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Daisy Jones and the Six | Taylor Jenkins Reid
Daisy Jones & the Six
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Overview

NEW YORK TIMES BESTSELLER - OVER ONE MILLION COPIES SOLD A gripping novel about the whirlwind rise of an iconic 1970s rock group and their beautiful lead singer, revealing the mystery behind their infamous breakup--from the author of The Seven Husbands of Evelyn Hugo and Malibu Rising

REESE'S BOOK CLUB PICK - IN DEVELOPMENT AS AN ORIGINAL STREAMING SERIES EXECUTIVE PRODUCED BY REESE WITHERSPOON

"An explosive, dynamite, down-and-dirty look at a fictional rock band told in an interview style that gives it irresistible surface energy."--Elin Hilderbrand

NAMED ONE OF THE BEST BOOKS OF THE YEAR BY NPR - The Washington Post - Esquire - Glamour - Real Simple - Good Housekeeping - Marie Claire - Parade - Paste - Shelf Awareness - BookRiot

Everyone knows DAISY JONES & THE SIX, but nobody knows the reason behind their split at the absolute height of their popularity . . . until now.

Daisy is a girl coming of age in L.A. in the late sixties, sneaking into clubs on the Sunset Strip, sleeping with rock stars, and dreaming of singing at the Whisky a Go Go. The sex and drugs are thrilling, but it's the rock 'n' roll she loves most. By the time she's twenty, her voice is getting noticed, and she has the kind of heedless beauty that makes people do crazy things.

Also getting noticed is The Six, a band led by the brooding Billy Dunne. On the eve of their first tour, his girlfriend Camila finds out she's pregnant, and with the pressure of impending fatherhood and fame, Billy goes a little wild on the road.

Daisy and Billy cross paths when a producer realizes that the key to supercharged success is to put the two together. What happens next will become the stuff of legend.

The making of that legend is chronicled in this riveting and unforgettable novel, written as an oral history of one of the biggest bands of the seventies. Taylor Jenkins Reid is a talented writer who takes her work to a new level with Daisy Jones & The Six, brilliantly capturing a place and time in an utterly distinctive voice.

 

  • ISBN-13: 9781524798628
  • ISBN-10: 1524798622
  • Publisher: Ballantine Books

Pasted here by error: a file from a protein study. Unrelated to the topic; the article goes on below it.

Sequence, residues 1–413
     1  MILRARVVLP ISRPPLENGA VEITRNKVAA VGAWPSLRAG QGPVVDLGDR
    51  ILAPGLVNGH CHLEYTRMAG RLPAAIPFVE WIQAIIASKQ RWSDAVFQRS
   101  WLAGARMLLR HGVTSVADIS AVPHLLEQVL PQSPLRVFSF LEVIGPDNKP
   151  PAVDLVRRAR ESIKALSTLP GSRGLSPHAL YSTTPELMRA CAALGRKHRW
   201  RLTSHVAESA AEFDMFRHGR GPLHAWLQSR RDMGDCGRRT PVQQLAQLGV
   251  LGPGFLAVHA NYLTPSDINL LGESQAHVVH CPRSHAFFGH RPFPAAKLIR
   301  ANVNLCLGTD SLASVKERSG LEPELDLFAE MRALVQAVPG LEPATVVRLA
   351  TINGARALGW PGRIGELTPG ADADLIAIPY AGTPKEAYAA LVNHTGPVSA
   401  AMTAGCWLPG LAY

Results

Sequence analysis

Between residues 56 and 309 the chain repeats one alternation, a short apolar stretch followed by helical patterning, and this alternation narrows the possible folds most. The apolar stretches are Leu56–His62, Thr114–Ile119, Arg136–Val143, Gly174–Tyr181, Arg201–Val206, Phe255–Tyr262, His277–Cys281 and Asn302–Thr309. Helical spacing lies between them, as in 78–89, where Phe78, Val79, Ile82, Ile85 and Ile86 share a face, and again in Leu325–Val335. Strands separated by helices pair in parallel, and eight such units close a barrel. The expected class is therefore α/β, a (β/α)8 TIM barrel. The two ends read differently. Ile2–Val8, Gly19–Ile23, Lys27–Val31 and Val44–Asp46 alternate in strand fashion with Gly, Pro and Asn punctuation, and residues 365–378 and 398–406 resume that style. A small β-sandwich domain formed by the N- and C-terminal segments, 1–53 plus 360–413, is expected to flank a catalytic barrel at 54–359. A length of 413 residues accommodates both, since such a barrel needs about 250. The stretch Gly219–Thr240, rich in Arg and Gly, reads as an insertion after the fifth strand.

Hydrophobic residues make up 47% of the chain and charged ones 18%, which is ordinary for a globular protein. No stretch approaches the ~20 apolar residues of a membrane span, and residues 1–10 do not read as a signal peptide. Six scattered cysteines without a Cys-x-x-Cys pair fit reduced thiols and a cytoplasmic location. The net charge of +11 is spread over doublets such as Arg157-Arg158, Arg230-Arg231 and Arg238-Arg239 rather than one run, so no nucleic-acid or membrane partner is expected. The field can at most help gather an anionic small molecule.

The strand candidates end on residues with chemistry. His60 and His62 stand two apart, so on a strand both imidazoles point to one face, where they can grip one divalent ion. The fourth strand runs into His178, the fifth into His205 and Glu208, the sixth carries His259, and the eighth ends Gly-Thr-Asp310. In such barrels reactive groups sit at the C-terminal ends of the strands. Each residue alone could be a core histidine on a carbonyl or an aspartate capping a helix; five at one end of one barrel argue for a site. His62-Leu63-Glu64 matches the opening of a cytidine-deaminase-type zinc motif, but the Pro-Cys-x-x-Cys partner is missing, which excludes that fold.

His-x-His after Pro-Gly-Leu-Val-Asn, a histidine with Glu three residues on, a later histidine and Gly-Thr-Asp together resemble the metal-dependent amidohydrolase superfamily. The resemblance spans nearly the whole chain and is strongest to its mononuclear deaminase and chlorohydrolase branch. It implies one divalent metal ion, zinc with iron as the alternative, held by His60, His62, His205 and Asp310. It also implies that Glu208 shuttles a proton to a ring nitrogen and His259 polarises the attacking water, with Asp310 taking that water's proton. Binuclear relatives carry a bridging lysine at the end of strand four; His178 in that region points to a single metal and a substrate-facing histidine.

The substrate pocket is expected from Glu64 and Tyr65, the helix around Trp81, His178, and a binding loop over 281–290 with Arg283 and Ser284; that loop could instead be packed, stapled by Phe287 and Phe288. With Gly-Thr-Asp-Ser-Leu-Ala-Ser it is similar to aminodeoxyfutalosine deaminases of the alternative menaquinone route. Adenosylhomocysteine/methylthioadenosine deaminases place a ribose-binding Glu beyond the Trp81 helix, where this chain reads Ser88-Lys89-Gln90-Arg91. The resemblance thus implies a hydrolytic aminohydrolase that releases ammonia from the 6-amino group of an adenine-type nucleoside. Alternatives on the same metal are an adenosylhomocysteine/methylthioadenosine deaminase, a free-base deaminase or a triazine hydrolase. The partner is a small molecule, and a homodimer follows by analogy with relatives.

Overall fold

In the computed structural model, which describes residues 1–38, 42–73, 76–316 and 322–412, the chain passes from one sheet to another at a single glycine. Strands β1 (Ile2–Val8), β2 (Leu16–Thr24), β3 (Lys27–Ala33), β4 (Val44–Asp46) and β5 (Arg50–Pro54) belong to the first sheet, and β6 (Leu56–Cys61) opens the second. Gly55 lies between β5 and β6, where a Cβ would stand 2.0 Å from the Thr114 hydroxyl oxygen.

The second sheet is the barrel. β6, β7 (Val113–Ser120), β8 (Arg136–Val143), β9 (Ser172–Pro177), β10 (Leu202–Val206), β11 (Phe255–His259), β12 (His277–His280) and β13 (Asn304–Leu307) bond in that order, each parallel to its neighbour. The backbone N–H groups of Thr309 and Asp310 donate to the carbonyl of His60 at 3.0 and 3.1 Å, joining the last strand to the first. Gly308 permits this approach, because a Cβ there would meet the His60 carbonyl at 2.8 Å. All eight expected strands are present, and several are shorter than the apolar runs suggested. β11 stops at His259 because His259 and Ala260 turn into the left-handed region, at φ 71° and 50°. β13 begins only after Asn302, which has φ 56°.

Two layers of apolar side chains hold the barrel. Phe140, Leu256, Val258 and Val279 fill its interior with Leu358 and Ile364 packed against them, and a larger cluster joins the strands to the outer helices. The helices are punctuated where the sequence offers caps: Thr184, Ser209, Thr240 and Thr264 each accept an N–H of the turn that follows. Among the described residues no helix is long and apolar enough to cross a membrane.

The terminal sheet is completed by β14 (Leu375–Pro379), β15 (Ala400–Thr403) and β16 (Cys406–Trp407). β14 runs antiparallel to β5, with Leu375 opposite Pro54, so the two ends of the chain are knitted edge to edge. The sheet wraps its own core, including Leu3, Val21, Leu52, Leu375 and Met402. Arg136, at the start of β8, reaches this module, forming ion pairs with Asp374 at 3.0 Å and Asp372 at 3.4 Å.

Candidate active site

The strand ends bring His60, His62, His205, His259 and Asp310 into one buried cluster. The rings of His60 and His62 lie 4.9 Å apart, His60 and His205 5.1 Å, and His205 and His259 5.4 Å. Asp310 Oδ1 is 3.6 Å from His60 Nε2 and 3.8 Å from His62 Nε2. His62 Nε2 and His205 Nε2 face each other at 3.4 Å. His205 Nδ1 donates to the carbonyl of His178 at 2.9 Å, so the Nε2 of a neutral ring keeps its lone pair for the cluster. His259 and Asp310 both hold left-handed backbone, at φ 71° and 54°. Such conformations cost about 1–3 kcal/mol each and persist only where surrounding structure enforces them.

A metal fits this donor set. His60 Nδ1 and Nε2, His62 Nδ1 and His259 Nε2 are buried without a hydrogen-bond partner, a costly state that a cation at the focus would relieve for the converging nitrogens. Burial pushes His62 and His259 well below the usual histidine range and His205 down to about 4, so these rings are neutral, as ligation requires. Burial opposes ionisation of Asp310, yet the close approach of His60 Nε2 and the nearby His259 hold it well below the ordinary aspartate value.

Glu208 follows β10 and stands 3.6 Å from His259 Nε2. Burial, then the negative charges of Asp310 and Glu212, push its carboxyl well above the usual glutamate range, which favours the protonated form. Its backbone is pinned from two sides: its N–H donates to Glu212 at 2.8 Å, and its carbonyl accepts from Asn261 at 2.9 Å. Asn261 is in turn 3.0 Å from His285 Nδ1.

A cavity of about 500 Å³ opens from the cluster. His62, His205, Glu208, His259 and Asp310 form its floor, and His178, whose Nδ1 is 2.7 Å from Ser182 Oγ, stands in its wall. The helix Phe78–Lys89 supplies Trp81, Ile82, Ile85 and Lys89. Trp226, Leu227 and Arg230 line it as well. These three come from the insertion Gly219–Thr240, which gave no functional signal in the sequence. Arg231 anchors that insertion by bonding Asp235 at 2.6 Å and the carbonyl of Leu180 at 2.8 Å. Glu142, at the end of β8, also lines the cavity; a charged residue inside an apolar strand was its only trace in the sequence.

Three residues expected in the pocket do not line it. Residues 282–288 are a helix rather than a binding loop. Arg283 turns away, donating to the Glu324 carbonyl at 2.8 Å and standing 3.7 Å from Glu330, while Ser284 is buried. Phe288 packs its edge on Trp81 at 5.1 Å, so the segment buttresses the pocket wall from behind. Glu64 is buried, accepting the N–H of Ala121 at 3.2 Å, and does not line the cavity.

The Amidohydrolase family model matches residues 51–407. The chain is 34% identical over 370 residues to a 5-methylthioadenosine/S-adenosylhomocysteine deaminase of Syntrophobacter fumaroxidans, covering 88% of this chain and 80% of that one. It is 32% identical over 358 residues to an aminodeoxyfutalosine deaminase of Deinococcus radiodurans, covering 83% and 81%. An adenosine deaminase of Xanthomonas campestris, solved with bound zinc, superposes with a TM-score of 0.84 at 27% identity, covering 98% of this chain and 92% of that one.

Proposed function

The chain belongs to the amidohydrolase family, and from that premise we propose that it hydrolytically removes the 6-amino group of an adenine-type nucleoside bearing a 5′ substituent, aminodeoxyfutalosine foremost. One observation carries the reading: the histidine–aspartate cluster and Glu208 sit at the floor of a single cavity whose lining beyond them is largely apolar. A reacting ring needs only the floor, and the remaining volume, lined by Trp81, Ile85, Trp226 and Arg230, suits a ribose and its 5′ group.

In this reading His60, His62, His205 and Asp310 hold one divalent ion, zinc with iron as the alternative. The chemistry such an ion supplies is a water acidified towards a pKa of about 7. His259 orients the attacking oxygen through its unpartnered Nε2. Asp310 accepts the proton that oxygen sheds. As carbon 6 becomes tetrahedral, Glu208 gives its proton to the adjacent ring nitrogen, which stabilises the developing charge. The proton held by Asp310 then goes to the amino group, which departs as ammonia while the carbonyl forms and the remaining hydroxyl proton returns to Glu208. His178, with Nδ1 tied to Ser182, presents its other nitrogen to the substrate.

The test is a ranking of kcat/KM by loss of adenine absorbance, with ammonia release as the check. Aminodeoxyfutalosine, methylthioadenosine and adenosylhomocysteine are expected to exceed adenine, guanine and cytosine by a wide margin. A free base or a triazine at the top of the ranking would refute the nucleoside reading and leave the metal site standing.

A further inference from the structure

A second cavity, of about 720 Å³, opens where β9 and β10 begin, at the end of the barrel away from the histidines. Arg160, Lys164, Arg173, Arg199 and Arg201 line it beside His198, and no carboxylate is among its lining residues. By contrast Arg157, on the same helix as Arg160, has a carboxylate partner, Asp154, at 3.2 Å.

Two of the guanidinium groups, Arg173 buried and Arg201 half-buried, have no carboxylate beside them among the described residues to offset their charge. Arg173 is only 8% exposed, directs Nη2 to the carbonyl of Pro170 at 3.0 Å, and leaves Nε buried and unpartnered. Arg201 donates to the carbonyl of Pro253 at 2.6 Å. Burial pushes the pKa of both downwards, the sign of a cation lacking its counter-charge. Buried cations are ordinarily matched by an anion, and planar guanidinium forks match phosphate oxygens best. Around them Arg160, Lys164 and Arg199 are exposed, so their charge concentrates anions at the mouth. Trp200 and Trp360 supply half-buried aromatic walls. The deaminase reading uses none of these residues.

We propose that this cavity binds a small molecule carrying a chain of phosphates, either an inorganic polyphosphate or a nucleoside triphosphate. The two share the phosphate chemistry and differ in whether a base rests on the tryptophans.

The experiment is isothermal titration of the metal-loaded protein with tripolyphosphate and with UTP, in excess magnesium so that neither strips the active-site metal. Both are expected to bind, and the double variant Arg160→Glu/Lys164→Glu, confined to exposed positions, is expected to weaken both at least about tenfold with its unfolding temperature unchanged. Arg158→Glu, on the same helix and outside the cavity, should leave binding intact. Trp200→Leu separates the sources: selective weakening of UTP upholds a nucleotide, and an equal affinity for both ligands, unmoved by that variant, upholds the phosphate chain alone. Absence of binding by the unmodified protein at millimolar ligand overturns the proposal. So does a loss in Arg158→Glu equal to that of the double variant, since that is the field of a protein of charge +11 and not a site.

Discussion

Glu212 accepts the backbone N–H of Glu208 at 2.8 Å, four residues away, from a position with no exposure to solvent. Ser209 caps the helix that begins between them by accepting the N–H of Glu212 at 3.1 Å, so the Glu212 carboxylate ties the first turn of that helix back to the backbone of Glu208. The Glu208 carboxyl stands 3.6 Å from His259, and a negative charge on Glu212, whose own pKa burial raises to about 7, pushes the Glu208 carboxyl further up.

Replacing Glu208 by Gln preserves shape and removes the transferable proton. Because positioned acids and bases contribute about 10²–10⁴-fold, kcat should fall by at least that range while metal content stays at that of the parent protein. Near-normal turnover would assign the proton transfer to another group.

• Publish Date: March 2019
  • Dimensions: 9.3 x 6.1 x 1.4 inches
  • Shipping Weight: 1.3 pounds
  • Page Count: 368

Daisy Jones & The Six

If you are a fan of a certain troubled rock ’n’ roll band from the 1970s, you’d be forgiven for thinking that the eponymous character of Taylor Jenkins Reid’s new novel is based on Stevie Nicks. You’d also be forgiven for wondering, wait, did Stevie really marry an Italian prince?  This will send you racing to Wikipedia, where you will learn that no, Stevie did not marry an Italian prince. However, like the marriage of Daisy Jones and her cracked Italian nobleman, Stevie’s one marriage was just as impulsive and just as brief.

Daisy, a talented singer and a gorgeous, drug-addled train wreck, falls in with a band called The Six at a critical juncture. The group’s fame and fortune blow up, and Daisy rides the rocket with them thanks to her passionate duets with their founder and leader, Billy Dunne. Inevitably, Daisy and the married Billy fall in love. They also hate each other’s guts. It’s beautiful.

Readers will feel for Billy though. A recovering druggie and alcoholic, he’s saved from dissipation by his wife, Camila, and their kids. His integrity and lack of cynicism keep the reader from resenting him the way his bandmates sometimes do. At the same time, Reid is adroit enough to make us understand why his white-knuckled virtue gets on people’s nerves.

A multinarrative interview style of storytelling allows Daisy, Billy, the members of The Six and others in their orbit, such as managers, producers, rock critics and loved ones, to recall their memories. They’re being interviewed around 2012 or so, and everyone is now of a certain age, so some of those memories contradict, and many are funny or sorrowful and startlingly candid. Their confessions become even more surprising when we learn the identity of the interviewer.

It’s hard to be good is the message of Reid’s humane, delectable, rollicking novel. But goodness is still worth the trouble.